Jan. 6 hearing to recreate Trump’s state of mind during riot without testimony by former president, top allies


The House Jan. 6 committee will hold a hearing Thursday focusing on former President Donald Trump’s state of mind leading up to the January 2021 assault on the U.S. Capitol, despite not receiving testimony during the panel’s 15-month tenure from the ex-commander-in-chief or top associates linked to efforts to overturn the 2020 election.

A committee aide told Fox News Digital that Thursday’s hearing would not include live witnesses but rather showcase new evidence from U.S. Secret Service records and testimony as well as video of efforts to respond to the violence in real time.

“We’re going to bring a particular focus on the former president’s state of mind and his involvement in these events as they unfolded,” said the aide. “What you’re going to see is a synthesis of some evidence we’ve already presented with new, never-before-seen information to illustrate Donald Trump’s centrality was key.”

The committee will try to recreate the former president’s state of mind leading up to and during the riot, despite his refusal to cooperate with the committee. Trump has not only rejected overtures to testify before the panel, but he has called on allies and former staffs to do likewise.


Members of the committee, however, say their findings will speak for themselves.

The hearing comes after the committee’s interview with Ginni Thomas, the wife of Supreme Court Justice Clarence Thomas, two weeks ago. Thomas voluntarily appeared before the committee after reports emerged she was allegedly in contact with the White House and lawmakers in Arizona and Wisconsin ahead of Jan. 6.

The committee’s members, seven Democrats and two anti-Trump Republicans, will each present a portion of their findings. Some will summarize the 15-month investigation, while others will focus on the alleged ties between Trump staffers and extremist groups that breach the Capitol on Jan. 6, 2021.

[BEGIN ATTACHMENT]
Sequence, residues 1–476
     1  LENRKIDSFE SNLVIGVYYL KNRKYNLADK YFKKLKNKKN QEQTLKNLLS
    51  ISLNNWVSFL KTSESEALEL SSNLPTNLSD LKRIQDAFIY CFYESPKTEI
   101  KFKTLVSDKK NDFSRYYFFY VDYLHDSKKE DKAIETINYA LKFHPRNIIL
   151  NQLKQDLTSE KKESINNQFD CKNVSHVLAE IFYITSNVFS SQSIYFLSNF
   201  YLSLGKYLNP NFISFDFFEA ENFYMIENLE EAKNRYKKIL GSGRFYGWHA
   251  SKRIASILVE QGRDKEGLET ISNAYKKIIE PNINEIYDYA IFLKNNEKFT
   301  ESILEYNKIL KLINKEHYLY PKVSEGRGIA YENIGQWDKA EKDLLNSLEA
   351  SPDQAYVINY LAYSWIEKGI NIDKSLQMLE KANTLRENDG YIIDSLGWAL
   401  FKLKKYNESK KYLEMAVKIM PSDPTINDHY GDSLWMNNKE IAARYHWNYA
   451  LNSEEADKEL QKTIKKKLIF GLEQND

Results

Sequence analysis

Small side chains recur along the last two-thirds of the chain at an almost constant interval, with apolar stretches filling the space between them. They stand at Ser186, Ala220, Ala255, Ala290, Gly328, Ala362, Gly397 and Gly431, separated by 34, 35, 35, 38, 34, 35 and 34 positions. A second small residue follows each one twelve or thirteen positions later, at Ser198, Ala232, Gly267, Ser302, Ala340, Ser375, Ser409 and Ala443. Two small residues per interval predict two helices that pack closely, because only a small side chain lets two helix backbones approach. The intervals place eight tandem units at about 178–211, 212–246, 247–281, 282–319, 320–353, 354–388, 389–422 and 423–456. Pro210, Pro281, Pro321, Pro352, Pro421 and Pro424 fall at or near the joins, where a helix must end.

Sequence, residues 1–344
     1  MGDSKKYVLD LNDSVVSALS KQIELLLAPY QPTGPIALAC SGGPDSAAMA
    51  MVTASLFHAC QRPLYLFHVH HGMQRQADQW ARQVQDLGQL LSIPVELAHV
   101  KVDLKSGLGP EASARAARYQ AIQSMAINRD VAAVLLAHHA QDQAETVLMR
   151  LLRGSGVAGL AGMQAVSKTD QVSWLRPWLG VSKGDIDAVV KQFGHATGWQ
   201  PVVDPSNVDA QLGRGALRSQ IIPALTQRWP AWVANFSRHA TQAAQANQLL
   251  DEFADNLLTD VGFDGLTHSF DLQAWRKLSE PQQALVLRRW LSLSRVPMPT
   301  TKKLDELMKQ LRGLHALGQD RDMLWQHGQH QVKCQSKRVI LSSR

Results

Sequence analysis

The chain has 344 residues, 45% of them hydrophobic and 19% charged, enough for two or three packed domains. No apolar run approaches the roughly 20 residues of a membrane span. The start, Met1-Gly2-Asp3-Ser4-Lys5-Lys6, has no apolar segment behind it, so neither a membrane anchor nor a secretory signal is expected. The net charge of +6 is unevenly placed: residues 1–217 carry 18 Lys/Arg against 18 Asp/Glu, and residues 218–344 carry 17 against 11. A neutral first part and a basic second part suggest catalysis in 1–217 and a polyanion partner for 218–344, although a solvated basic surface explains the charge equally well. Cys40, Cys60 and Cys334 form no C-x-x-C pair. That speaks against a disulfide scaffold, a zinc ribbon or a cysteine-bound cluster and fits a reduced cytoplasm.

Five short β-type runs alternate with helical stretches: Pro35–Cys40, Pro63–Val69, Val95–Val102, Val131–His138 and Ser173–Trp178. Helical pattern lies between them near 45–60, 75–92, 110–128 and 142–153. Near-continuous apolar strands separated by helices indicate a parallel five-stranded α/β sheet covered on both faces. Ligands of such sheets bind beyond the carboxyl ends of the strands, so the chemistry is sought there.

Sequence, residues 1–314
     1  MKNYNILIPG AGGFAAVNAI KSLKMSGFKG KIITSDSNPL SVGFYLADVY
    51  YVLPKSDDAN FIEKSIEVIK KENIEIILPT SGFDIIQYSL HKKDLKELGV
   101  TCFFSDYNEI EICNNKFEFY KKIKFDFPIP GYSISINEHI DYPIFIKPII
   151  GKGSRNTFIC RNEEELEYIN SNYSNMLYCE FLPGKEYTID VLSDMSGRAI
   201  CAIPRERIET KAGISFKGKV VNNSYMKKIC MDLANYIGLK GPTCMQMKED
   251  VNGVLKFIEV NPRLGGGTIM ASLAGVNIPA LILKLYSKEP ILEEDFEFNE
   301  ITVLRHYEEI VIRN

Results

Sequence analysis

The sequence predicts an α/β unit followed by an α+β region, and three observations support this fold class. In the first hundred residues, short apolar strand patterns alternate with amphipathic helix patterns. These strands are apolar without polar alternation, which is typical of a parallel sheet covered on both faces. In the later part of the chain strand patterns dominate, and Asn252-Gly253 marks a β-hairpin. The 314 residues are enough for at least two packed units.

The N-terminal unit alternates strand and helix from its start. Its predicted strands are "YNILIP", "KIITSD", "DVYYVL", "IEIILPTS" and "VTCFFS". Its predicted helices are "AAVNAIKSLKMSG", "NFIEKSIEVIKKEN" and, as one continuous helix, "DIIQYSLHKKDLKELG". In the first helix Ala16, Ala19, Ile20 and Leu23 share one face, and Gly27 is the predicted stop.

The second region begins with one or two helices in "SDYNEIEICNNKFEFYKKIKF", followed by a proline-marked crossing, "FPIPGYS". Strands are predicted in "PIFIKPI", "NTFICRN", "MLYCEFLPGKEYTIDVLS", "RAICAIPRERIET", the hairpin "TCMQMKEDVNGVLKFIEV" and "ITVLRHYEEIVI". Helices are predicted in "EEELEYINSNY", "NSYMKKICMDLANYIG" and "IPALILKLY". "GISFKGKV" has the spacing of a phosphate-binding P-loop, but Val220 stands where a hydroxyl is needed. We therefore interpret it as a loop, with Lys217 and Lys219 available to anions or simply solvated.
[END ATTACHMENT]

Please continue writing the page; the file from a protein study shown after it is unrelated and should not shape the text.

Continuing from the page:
While some evidence presented is likely to be new, few believe the committee has anything close to a smoking gun implicating Trump.


That reality is something the panel is wrestling with as it holds what is likely its final hearing before the midterm election. Complicating the push for a clear resolution is that the panel has not heard testimony from Trump and other key players that were in the White House or Congress on Jan. 6.

Not only has Trump refused to cooperate with the panel but so have the former president’s top congressional allies. Rep. Andy Biggs, R-Ariz., has defied a congressional subpoena by the committee to sit for a deposition.

“The committee operates with the same kind of bias present at the Salem witch trials,” said Biggs, who the committee alleges pressured state leaders in Arizona to decertify President Biden’s 2020 election victory. “Everyone is guilty and must demonstrate their innocence.”

Similarly defying the committee’s subpoenas have been Freedom Caucus Chairman Rep. Scott Perry, R-Pa., and House Minority Leader Kevin McCarthy, R-Calif.